Pharmacists in Alberta complain that the recall this week has made replacing patients’ heart medications even worse, considering the chronic drug shortages in Canada.
This week, Health Canada recalled some medications that contain an impurity linked to increased risk of cancer if a person is exposed to it for an extended period. The carcinogen is called N-nitrosodimethylamine (NDMA), and it was found in valsartan.
The supplier of these medications is Zhejiang Huahai Pharmaceuticals, a Chinese company. Patients take drugs containing valsartan to treat their high blood pressure, to prevent stroke or heart attacks. The regulator said that the recalled medication contains a particular type of valsartan that could have the carcinogenic impurity.
Pharmacist Greg Bueckert explains why the recall is shocking:
“We do get notices but nothing to this degree where they’re removing mass amounts of an essential medication from the marketplace.”
According to Health Canada’s recommendations, patients that take those medications must check with the doctors and pharmacists to switch the prescriptions.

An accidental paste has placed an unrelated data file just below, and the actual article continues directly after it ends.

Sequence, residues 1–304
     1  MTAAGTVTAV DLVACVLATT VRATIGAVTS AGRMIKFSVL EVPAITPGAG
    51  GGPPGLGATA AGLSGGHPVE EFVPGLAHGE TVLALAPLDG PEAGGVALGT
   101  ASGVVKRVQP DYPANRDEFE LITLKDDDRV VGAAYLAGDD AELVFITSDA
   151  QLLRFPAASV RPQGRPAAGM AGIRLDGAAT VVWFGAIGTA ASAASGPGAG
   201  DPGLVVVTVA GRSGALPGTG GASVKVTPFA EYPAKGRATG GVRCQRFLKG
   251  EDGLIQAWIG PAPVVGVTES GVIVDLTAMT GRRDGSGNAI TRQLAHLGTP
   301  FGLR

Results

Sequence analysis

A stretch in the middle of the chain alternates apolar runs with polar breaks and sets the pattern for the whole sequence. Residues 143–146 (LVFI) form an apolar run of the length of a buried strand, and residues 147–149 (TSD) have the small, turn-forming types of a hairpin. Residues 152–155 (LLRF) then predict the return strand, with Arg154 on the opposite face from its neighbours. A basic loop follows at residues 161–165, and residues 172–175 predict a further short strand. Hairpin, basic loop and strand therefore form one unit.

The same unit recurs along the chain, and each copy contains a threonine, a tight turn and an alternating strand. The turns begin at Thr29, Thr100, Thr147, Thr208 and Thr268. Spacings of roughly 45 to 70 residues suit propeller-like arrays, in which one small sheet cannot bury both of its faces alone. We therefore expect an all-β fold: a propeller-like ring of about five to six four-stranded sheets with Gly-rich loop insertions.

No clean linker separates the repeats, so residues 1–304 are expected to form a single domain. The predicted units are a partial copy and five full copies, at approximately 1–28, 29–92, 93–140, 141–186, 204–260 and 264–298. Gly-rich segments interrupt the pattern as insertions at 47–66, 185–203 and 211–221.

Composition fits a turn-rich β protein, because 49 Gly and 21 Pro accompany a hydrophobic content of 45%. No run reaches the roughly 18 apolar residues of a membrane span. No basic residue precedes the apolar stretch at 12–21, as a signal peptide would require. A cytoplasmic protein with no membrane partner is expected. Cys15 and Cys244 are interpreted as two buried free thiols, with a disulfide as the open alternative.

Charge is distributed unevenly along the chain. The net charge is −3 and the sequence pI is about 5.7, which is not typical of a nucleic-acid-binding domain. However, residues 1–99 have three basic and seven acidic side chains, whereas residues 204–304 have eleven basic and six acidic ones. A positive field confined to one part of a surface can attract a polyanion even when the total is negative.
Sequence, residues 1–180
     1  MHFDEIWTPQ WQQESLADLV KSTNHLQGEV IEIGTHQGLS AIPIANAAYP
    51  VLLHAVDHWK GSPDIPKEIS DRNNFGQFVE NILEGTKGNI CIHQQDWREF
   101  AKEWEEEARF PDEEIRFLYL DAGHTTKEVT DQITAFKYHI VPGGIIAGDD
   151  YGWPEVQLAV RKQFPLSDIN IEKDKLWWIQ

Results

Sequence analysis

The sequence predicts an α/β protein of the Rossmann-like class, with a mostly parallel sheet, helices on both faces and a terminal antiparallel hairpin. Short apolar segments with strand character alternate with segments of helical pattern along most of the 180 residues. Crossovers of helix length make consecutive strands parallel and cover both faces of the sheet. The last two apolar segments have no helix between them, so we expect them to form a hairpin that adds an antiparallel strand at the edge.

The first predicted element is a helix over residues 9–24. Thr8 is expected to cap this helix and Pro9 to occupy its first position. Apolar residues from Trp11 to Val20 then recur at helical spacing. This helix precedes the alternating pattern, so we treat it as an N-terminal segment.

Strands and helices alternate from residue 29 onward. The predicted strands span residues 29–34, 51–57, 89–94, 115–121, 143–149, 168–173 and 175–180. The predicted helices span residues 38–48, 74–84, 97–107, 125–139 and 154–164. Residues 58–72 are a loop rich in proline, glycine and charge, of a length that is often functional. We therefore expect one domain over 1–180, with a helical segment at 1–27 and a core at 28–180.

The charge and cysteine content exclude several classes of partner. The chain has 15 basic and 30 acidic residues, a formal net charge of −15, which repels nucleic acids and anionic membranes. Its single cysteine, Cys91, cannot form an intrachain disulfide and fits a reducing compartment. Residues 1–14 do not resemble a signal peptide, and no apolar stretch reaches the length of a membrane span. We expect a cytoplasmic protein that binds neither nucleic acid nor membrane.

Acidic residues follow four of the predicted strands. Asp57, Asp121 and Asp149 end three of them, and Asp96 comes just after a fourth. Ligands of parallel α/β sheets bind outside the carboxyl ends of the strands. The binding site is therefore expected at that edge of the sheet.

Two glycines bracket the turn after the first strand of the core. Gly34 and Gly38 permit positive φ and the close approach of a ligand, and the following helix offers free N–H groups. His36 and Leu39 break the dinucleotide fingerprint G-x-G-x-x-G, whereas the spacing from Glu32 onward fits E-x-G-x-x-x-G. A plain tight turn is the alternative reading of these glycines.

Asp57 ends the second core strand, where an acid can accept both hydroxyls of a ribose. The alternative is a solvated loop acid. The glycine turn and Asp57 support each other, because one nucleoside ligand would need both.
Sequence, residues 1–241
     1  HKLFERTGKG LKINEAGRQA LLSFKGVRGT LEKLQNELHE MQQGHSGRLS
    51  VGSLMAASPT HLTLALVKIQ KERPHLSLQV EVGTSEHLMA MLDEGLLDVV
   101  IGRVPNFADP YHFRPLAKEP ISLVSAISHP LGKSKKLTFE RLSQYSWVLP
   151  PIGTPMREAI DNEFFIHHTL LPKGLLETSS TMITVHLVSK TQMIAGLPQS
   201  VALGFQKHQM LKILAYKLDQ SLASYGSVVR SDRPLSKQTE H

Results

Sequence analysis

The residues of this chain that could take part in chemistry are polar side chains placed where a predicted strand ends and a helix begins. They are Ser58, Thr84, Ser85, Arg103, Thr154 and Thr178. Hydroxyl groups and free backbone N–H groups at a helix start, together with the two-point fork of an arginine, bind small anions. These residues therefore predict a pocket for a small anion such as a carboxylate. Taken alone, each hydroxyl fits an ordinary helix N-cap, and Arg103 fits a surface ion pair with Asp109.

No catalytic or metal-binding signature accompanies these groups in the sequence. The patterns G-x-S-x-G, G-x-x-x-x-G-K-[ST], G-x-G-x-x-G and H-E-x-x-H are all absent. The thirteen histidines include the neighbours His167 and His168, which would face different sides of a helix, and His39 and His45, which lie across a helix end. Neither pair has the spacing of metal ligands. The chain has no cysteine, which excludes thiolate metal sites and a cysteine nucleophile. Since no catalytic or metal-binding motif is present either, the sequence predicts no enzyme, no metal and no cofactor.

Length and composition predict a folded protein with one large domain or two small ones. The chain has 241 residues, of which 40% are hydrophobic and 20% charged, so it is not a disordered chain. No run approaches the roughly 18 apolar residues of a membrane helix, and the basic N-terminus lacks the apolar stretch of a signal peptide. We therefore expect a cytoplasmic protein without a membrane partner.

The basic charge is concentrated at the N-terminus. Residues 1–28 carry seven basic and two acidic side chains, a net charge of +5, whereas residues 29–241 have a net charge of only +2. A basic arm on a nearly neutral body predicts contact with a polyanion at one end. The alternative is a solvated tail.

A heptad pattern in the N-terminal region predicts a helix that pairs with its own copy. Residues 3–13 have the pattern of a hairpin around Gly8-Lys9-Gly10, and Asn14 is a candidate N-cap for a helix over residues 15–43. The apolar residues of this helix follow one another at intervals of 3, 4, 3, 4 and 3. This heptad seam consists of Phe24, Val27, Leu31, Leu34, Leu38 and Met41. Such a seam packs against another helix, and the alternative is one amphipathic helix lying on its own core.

But there is an issue. Drug shortage in Canada makes it difficult to find a replacement for the recalled drugs, said Bueckert:
“We don’t have options anymore. We take what we get.”
In 2012, Health Canada tried to address the drug shortage issue, but the problem hasn’t been solved – and it even got worse. Pharmacists said they had short supplies of drugs and had to send patients back to their physicians to reassess their treatment.
According to a study released by C.D. Howe Institute last month, drug supply shortages in Canada are mostly for generic drugs (over three-quarters).
Pharmacist Rob Heaton owns Cambrian Pharmacy (Calgary). He explains that Health Canada announced that patients must continue their medication, but the drug shortages make it impossible:
“Currently due to drug shortages, there is no valsartan that’s available at this time from the wholesalers. So we’re going to have to… find some very quickly or again, get a hold of physicians to have them changed.”
On Health Canada’s website, there is a note explaining drug shortages. They may occur when an ingredient is missing, when there are voluntary recalls, manufacturing issues, or economic decisions.
Rex Austinwas born and raised in Thunder Bay Ontario on the shores of Lake Superior. Apart from running his own podcast (Ice Fishing And Other “Cool” Things), he spends his time canoeing and backpacking in Northern Ontario.. As a journalist Rex has published stories for Global News (Thunder Bay) we well as Buzz Feed and Joystiq. As a contributor to Great Lakes Ledger, Rex most covers science and health stories. Contact Rexhere